Lungs are a vital organ essential for delivering oxygen to the lungs and expelling carbon dioxide from the body. In various disease states, the lungs become damaged, and fluid can inappropriately swamp them with fluid. This fluid accumulation in the lungs is called is called pulmonary edema and can dramatically impede oxygenation and ventilation. In this week’s post I share important information about pulmonary edema to help pet owners understand this life-threatening problem. I hope the post helpful and educational. Happy reading!
What is pulmonary edema?
To understand pulmonary edema, one needs to have a basic understanding of lung anatomy. The mouth connects the trachea or windpipe. Inside the chest cavity, there are lung lobes on both the left side and right side. In fact, on the right side, there are four lobes – cranial, middle, caudal, and accessory. There are two lobes on the left – cranial and caudal – with the former subdivided into two subsegments.
The trachea branches into two primary bronchi – one goes to the left side of the chest, the other to right. These bronchi respectively arborize (branch) into smaller and smaller tubules called bronchioles with many of them leading to each lung lobe. Ultimately, the bronchioles terminate into clusters of grape-like sacs called alveoli. A special barrier in the alveoli – called the respiratory membrane – is only three cell layers thick. The layers are:
- Alveolar epithelia (cells that line the alveoli)
- Interstitium (the space between the alveolar & capillary endothelia)
- Capillary endothelia (cells that make up the walls of capillaries)
The respiratory membrane is the site of oxygen and carbon dioxide exchange. The respiratory barrier is damaged by various disease processes via one of two mechanisms: high pressure or increased permeability. Regardless of the mechanism, the result is the same: fluid floods the alveoli to form pulmonary edema to prevent adequate oxygenation and ventilation.
What causes it?
The most common cause of pulmonary edema is heart disease. When heart dysfunction occurs, capillaries develop high pressures inside them. When those pressures become too high, fluid extravasates (leaks out) first into the interstitium and subsequently into the alveoli. Since heart disease is the underlying cause of this type of edema, it’s also called cardiogenic pulmonary edema or congestive heart failure.
Other various disease states can cause capillaries to become more permeable to fluid due to the effect of inflammatory chemicals and enzymes. This type of edema is called permeability edema or non-cardiogenic pulmonary edema, and common diseases associated with it include:
- Acute pancreatitis
- Acute kidney injury
- Head trauma
- Snake envenomation
- Chest trauma
- Smoke inhalation
- Electrical cord injury
How is pulmonary edema diagnosed?
Cats and dogs with pulmonary edema have difficulty breathing – this difficulty may be mild or severe. Clinical signs associated with mild edema are moist cough, exercise intolerance, lethargy, and/or restlessness. When edema is severe, affected pets cough and may even bring up blood-tinged fluid after retching. They also may hold their elbows away from their chest and stretch their necks. Their mucous membranes (i.e.: gums) often turn a blue/purple/grey color – this is called cyanosis.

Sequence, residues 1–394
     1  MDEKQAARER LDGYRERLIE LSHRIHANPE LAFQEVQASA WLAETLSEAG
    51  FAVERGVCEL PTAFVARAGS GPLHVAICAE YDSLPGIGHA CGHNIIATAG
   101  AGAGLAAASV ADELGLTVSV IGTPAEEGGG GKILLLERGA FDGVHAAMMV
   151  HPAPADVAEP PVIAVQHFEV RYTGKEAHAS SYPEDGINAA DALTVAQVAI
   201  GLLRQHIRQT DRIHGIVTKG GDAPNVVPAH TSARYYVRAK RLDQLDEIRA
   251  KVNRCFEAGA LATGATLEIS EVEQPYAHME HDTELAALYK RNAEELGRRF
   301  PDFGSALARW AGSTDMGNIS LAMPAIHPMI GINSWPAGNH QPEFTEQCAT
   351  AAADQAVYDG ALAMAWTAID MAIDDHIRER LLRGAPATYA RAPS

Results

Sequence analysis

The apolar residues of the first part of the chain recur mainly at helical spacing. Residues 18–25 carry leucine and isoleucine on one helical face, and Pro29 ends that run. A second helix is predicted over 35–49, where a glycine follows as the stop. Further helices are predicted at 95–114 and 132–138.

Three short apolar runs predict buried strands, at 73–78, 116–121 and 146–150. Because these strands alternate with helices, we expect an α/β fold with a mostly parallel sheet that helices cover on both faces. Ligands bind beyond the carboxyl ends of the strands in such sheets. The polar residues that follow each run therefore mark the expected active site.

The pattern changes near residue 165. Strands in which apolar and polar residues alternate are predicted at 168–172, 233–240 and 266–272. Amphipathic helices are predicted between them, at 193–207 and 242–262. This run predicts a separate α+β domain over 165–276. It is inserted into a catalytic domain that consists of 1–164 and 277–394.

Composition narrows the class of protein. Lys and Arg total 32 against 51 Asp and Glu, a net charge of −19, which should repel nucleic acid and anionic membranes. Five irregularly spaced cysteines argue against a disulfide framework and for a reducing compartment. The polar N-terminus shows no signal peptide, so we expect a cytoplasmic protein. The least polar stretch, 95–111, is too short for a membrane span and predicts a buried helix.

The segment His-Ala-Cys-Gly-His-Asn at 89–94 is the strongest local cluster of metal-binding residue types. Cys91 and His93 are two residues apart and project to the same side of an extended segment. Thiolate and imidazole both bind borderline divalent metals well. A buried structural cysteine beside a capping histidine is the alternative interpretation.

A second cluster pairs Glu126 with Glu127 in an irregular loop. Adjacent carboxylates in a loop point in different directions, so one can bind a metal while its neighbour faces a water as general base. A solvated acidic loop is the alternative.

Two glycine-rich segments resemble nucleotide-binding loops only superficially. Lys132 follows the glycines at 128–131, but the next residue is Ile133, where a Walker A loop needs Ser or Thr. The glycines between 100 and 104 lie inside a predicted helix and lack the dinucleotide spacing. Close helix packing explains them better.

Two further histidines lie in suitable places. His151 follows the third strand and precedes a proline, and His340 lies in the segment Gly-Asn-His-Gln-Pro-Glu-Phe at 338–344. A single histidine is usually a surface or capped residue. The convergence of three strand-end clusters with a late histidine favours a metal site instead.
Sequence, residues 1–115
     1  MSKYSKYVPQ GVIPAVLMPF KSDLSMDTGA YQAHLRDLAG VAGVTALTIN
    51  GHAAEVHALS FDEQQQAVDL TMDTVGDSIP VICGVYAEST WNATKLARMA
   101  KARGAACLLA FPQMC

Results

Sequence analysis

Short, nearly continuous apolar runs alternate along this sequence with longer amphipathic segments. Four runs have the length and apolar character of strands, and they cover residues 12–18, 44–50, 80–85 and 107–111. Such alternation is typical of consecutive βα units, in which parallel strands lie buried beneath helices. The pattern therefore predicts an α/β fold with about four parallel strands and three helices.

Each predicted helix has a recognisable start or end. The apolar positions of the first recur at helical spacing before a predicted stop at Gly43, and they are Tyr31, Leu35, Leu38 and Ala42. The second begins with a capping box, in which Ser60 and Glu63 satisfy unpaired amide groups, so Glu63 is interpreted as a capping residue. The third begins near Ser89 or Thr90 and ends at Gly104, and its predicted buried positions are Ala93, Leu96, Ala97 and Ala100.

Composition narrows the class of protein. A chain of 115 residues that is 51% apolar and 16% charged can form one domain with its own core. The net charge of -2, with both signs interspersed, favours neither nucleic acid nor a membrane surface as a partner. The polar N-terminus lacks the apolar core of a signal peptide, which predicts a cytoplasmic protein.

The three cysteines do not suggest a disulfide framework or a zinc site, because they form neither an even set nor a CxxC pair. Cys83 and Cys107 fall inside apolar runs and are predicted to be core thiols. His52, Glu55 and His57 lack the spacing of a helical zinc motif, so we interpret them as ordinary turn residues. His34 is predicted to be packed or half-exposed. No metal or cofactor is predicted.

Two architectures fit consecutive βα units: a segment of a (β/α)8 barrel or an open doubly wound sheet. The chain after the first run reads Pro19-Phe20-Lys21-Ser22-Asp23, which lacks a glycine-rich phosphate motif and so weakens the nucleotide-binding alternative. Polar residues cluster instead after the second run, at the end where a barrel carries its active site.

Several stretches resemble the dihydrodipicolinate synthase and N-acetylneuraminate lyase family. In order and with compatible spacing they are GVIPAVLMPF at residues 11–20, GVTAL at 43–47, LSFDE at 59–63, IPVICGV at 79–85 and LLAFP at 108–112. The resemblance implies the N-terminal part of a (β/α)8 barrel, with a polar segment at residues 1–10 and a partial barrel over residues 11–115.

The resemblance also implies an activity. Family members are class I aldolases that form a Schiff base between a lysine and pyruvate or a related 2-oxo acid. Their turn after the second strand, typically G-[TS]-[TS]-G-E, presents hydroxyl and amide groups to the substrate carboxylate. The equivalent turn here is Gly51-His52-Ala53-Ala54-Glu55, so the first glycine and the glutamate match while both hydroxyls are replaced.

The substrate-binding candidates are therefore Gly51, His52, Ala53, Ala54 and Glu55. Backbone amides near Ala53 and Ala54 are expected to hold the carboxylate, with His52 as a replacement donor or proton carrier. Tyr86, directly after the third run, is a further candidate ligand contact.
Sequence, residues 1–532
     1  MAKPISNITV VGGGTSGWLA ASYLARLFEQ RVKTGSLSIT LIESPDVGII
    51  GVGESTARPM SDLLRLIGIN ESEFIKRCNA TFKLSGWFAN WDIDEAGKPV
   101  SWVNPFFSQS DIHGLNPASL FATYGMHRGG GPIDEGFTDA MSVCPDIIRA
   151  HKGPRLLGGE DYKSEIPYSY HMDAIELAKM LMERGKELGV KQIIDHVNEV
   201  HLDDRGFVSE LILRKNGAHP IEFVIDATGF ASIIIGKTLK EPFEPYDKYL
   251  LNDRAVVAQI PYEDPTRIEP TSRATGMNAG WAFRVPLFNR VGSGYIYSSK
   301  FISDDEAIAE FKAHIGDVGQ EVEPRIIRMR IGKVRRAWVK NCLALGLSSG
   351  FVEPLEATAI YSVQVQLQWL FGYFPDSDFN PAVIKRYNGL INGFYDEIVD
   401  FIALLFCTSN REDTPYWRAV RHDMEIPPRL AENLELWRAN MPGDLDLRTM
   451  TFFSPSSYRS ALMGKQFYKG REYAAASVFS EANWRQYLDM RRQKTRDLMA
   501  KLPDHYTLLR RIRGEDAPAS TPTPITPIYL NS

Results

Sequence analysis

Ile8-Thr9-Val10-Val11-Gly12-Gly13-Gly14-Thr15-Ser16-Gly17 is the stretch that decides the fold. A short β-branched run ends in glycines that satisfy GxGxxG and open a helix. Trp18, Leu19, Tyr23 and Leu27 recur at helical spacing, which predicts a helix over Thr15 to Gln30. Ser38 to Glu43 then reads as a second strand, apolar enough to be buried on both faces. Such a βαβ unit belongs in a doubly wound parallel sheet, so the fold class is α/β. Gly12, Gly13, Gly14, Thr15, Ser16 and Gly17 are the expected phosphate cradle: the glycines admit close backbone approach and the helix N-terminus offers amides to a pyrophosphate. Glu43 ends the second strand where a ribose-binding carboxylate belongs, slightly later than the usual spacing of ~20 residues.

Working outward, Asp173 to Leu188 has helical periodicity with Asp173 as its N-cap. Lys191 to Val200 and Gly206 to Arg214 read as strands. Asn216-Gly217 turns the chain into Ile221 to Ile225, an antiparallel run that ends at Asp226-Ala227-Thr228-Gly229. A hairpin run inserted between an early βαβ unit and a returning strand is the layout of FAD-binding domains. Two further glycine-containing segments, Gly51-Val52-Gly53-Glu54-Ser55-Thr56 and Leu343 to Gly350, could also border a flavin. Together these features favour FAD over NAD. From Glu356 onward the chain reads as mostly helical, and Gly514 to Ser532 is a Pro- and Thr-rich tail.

Veterinarians will perform a complete physical examination. When they auscultate their heart and lungs (aka use a stethoscope), they often (but not always) hear heart murmurs, abnormal heart rhythms, and/or abnormal lung sounds. If veterinarians are suspicious of pulmonary edema based on pet’s history and physical examination, they will recommend some diagnostic testing that includes:
- Blood work – to screen for major organ dysfunction and electrolyte abnormalities
- Blood pressure measurement
- Diagnostic imaging – chest radiographs (x-rays) and echocardiography (heart ultrasound examination) are essential diagnostic tests for patients with pulmonary edema
- Electrocardiography (ECG/EKG) – to evaluate the electrical activity of the heart
- Pulse oximetry – to assess hemoglobin saturation in the body; hemoglobin is the protein that transports oxygen throughout the body
How is it treated?
Cats and dogs with pulmonary edema need aggressive medical management. Depending on the severity of their edema, some require temporary hospitalization in a veterinary intensive care unit (ICU) under the direction of board-certified veterinary emergency and critical care specialists. Affected patients need oxygen supplementation and medications to help the body get rid of the inappropriate and excess lung fluid – this class of medication is called diuretics.
For patients with cardiogenic pulmonary edema, other chronic heart supportive medications may be indicated and recommended. Partnering with a board-certified veterinary cardiologist is recommended to develop a chronic treatment plan for patients with cardiogenic pulmonary edema. Patients with non-cardiogenic pulmonary edema may not require chronic interventions if the underlying disease process can be identified and effectively treated/controlled.
The take-away message about pulmonary edema…
Pulmonary edema or water on the lungs can happen with heart disease, as well as other serious medical conditions. Affected patients can develop a life-threatening inability to breathe. Cats and dogs with pulmonary edema need emergency care as soon as possible to maximize the likelihood of a positive outcome.
To find a board-certified veterinary emergency and critical care specialist, please visit the American College of Veterinary Emergency and Critical Care.
To find a board-certified veterinary cardiologist, please visit the American College of Veterinary Internal Medicine.
Wishing you wet-nosed kisses,